Wayne Watkins muses on actors and acting, the arts and artists, and occasionally other stuff.
Friday, October 28, 2011
Lucky for me, I got a job at the Mayfair Music Hall in Santa Monica. The Mayfair was beautiful old girl. A delightfully garish old relic straight out of the Hollywood history books. Smelled like mold and old books. It sat boarded up for years after the Northridge quake and was finally razed a year or so ago. Very sad, indeed. My wife and I went by one day to try a swipe a brick out of the ruins but couldn't get over the fence.
The new owners at the time were trying to make a go of turning it into a legit house. Alvin Epstein directed Bud Cort in "Endgame," Phillip King performed his one-man "A Dicken's Christmas," the brilliant Jasper Carrott and the legendary Charles Piece both came in for special one-offs to pay homage to the music hall roots of the place. (If you don't know who either of these performers are, Google them. You're missing out.) And then..."Sherlock's Last Case." It was directed by the play's author, the irascible and eccentrically brilliant, or rather brilliantly eccentric, Charles Marowitz.
Charles is a critic, a director and a playwright. He is known for his outrageously, sub-text oriented, collage adaptations of Shakespeare, for his collaborations with Peter Brook, and for being one of the founders, along with Thelma Holt, of the Open Space Theatre. "Sherlock's Last Case" is easily his most successful and most well-known work. Beginning with it's world premiere at the Los Angeles Actor's Theatre in 1984 to it's re-staging in 1985 at the Mayfair and through to it's Broadway run with Frank Langella as the aquiline sleuth, the play has become a regional and community theatre stalwart. Not a brilliant play, but an entertaining couple of hours.The small cast and, basically, single set makes it possible for the most technically challenged regional groups. Doyle purists hate it, regular folk love it. Bonus points to Charles for the highly entertaining "A Background Note" in the acting script.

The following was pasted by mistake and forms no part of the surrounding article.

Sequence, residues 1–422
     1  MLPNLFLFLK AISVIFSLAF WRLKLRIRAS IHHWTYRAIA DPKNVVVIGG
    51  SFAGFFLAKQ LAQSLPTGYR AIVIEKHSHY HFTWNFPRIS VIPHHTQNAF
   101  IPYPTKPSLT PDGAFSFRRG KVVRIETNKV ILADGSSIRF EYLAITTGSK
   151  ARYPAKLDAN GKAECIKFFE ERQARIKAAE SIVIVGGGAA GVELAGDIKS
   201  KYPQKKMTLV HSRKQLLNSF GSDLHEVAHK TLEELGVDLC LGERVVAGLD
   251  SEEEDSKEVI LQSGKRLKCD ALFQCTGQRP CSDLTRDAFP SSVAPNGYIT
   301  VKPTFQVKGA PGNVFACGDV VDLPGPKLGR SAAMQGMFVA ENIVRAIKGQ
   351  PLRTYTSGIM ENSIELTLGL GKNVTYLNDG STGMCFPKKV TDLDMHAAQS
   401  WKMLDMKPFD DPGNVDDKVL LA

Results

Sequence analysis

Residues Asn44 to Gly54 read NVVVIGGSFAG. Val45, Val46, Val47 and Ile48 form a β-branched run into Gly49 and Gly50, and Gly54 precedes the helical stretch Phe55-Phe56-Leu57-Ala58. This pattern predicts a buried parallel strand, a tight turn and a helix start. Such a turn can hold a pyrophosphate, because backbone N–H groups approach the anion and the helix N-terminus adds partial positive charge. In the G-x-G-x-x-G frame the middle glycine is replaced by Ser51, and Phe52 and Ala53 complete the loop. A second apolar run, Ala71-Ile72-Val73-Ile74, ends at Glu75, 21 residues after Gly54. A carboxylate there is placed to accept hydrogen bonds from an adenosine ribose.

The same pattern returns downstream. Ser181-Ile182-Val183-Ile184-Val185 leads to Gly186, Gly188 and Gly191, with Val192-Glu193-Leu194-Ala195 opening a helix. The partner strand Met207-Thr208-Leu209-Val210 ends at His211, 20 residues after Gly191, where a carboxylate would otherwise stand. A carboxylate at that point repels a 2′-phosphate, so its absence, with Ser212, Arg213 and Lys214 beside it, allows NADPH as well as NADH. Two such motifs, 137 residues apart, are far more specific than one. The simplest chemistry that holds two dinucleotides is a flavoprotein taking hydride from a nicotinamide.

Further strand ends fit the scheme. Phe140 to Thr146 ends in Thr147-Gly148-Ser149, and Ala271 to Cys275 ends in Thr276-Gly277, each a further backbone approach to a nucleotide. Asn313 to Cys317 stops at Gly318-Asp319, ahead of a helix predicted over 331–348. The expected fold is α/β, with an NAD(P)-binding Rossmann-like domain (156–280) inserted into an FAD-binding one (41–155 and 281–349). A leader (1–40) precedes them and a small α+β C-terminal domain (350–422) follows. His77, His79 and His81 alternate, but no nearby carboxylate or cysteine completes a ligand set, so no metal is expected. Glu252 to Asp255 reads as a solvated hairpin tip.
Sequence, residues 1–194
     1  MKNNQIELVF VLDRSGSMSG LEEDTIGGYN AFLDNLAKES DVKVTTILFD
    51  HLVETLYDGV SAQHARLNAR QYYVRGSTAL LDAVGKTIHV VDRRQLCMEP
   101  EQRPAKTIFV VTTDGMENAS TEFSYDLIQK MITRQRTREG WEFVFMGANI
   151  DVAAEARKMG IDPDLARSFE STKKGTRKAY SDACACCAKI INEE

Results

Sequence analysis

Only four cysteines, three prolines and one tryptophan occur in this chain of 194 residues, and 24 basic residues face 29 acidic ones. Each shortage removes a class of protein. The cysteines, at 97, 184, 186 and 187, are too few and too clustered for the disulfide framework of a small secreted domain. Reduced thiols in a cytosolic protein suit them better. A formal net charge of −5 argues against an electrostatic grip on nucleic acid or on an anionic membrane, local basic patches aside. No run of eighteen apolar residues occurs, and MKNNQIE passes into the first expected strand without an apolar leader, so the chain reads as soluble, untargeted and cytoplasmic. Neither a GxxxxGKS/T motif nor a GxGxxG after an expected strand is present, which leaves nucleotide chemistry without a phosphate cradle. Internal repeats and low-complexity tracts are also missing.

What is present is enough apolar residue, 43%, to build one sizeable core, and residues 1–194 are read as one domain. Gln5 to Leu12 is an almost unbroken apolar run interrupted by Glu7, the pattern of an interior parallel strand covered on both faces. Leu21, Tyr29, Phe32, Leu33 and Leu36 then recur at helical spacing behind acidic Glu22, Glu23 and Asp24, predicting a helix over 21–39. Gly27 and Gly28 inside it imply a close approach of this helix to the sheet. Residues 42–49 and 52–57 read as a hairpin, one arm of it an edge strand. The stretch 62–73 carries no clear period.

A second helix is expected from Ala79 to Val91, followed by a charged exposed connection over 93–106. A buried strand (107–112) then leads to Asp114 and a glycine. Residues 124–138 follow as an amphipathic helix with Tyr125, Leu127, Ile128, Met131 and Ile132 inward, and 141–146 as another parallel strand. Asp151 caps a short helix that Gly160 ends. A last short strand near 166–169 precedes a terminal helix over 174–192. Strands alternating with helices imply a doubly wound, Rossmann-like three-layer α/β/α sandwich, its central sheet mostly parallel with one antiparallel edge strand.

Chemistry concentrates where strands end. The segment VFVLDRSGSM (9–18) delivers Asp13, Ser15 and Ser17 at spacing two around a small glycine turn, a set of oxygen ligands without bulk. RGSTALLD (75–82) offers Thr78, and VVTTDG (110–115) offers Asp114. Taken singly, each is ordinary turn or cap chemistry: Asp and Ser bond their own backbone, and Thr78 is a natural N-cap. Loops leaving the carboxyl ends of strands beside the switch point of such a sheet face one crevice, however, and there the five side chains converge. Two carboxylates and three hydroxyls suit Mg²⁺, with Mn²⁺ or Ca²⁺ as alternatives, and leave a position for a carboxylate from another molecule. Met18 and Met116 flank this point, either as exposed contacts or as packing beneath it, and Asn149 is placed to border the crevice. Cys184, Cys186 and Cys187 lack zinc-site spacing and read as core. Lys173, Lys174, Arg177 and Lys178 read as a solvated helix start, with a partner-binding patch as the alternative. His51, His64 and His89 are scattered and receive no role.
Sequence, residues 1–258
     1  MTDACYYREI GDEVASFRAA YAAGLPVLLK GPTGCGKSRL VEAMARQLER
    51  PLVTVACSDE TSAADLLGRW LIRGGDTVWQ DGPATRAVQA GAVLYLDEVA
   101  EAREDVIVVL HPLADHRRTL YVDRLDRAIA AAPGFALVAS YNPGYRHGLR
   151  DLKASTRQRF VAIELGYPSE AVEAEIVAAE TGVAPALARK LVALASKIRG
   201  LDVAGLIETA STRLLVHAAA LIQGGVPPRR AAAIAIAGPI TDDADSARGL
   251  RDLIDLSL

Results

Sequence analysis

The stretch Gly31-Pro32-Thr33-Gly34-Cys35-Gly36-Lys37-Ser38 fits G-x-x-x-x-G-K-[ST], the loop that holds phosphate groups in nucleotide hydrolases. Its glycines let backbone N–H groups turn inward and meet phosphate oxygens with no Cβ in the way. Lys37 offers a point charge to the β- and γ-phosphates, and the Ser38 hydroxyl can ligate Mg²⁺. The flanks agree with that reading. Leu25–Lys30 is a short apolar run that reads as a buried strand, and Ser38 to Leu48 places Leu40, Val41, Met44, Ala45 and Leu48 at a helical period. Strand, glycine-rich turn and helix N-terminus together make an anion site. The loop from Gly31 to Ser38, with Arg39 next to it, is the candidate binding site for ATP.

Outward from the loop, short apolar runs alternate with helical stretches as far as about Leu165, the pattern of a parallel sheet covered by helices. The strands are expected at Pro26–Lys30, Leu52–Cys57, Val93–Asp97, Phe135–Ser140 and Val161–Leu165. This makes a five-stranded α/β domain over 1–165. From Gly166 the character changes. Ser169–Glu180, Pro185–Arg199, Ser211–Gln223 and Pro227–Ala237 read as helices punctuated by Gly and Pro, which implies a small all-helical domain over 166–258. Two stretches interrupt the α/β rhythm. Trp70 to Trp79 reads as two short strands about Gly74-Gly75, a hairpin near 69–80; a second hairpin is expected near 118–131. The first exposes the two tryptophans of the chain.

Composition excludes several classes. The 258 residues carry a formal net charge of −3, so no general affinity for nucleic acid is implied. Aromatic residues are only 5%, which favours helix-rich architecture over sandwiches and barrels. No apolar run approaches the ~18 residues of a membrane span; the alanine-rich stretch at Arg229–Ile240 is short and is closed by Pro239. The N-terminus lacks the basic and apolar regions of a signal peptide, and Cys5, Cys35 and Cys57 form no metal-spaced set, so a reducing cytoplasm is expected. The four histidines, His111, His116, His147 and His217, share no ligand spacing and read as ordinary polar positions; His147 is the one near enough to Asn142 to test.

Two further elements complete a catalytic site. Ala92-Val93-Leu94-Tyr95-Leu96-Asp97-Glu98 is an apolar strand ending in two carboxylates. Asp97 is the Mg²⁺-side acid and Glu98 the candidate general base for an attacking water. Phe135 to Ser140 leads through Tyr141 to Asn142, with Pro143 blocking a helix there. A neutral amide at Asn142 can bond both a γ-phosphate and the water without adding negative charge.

Regarding his approach to Shakespeare, he was once quoted as saying, "Imagine that Shakespeare's play [Hamlet in the case] is a precious old vase, and someone comes along and smashes that vase into a thousand pieces. If one were to take those pieces and put them back together, the arrangement would be new. That is, I suppose, what this (production) is. Shakespeare provides the vase and I provide the glue." The problem with this construction method is that you take a perfectly good vase, smash it to bits and hope it holds water, or even flowers, when you are done putting it back together. Of course, with Marowitz, what he ends up with isn't Shakespeare. It's Marowitz. No matter what you think of the process or the product, he has created something new and done it with flair, panache, daring and confidence.
Love him or hate him, Marowitz is one of those guys that makes the Theatre entertaining. (emphasis intentional). For a couple of years, he wrote an immensely enjoyable blog entitled, An Actor Prepares. I haven't seen a new post for over a year now, but I hope he returns to it if he is able. He is witty, sarcastic, stern, intelligent and more than a little opinionated. Anyone remotely interested in the stage should read a little Marowitz every once in awhile. He will help remind you why you were drawn to it in the first place. Of course, if you are like me, you may also think that he's absolutely full out it occasionally, but so what? Aren't we all?. One of my favorite entries is one of the earliest: APHORISMS FOR THE YOUNG (AND NOT SO YOUNG) ACTOR. (I'll be stealing some of these for my Facebook updates.)
Now, Charles Marowitz wouldn't remember me from a ham sandwich (figurative and literally), but I have remembered him, followed his work and enjoyed his writings lo these many years later. The world needs more Charles Marowitz's. Those glorious eccentrics who actually have something to say and say it in their own unique way. If we don't get it, that's our problem.
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